SilverStone Fortress FT04 Case Reviewby Dustin Sklavos on August 29, 2013 10:00 AM EST
If you read my review of the SilverStone Raven RV04 (and you should go back and do so since it's going to be a fairly regular reference point), everything here is going to be very familiar. Assembly of the FT04 is essentially identical, although "features" turn into oddball hiccups here and there. As I said, there's really a lot of unneeded complication in this internal design that makes it unnecessarily difficult to work with.
It starts with the removable motherboard tray. Ordinarily I'd be gung ho about a removable motherboard tray, but in the FT04 it's essentially unnecessary. You're going to need to remove the primary drive cage to install 3.5" drives into it anyhow, and that's the only internal component that really obscures the motherboard tray itself. I think it's unfair to actively cite the removable motherboard tray as a point against the FT04, but I do think it's also emblematic of the essentially overengineered nature of the case as a whole. With all that said, getting the motherboard in is still pretty easy; SilverStone has six of the motherboard standoffs preinstalled, and the rest is gravy.
The instruction manual suggests you wire up as much of the case as possible before moving on from this point, and I agree. Installing drives really is the stuff of nightmares, though. You have the remove the top panel of the case to install a 5.25" drive and the power supply; that's not the problem. The problem resides with 3.5" and 2.5" drives. 2.5" drives must still be lined up inside the two bottom cages of the case and screwed into the bottom. That means removing the cage surrounding the mounts, which is held in place with five screws. 3.5" drives can be installed in the bottom cages, but it's almost easier to just remove the primary 3.5" cage and install them in there.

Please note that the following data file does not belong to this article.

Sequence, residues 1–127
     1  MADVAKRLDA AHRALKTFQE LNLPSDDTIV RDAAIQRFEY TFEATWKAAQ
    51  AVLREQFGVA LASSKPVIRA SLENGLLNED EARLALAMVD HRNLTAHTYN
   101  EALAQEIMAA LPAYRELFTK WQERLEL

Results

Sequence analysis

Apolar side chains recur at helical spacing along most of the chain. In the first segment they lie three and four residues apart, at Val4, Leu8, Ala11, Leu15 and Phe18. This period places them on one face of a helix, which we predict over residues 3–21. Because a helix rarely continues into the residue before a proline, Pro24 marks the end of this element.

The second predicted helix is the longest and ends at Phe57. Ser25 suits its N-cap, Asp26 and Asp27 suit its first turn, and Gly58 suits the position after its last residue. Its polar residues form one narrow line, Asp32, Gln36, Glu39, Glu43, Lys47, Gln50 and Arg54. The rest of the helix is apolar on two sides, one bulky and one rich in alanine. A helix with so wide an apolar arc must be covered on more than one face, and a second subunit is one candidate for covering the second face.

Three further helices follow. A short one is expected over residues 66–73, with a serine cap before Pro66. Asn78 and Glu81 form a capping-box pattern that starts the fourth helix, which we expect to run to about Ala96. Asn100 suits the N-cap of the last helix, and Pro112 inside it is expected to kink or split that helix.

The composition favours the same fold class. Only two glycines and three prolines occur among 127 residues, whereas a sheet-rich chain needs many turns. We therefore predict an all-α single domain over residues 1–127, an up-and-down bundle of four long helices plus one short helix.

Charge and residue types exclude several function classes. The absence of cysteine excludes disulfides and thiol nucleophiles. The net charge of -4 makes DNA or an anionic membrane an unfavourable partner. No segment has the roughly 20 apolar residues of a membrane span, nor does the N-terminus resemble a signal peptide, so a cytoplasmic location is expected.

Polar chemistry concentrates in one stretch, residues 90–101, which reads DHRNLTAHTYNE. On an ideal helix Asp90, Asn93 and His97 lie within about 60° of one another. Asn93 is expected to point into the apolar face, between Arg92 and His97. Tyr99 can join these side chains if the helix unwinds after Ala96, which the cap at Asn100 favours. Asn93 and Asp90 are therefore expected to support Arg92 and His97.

Of course that presents its own set of problems. Drives are screwed into the cage, but the cage itself is held in place with three screws, none of which are particularly easy to remove and replace. There's a thumbscrew that goes into the top and has to be removed with either your fingers or pliers as there isn't clearance for a conventional screwdriver. The two screws that go into the bottom plastic lip of the cage are easy enough to remove but require some doing to replace so you don't drop them into that tray. These are minor nuisances but minor nuisances are really the Achilles' heel of the FT04/RV04 assembly. It didn't need to be this complicated.
Finally, while the power supply installs easily enough, expansion card installation is again needlessly complicated. And again, it's a small nitpick that is adding up with the rest of them. If you look on the right side of the photo, you can see that the right-hand lip of the case hooks around and there are holes in it to slot a screwdriver through. That's appreciated, but again, I'm not sure it's entirely necessary. Other case designs have gotten on fine with not having the lip extrude so far you'd need to cut holes in it. Now you're working with both hands around this small but vaguely irritating obstruction when the simpler solution would've been to either cut an indentation into that entire area or just allow the lip to simply be shorter than it is.
If it seems like I'm nitpicking the FT04's assembly to death, it's only because these nitpicks accumulate over the course of assembly. I found myself progressively more annoyed with decisions that made no sense to me, when the interior of the case could've been substantially streamlined without losing thermal functionality. I do want to be clear, though: this is the primary drawback of the FT04.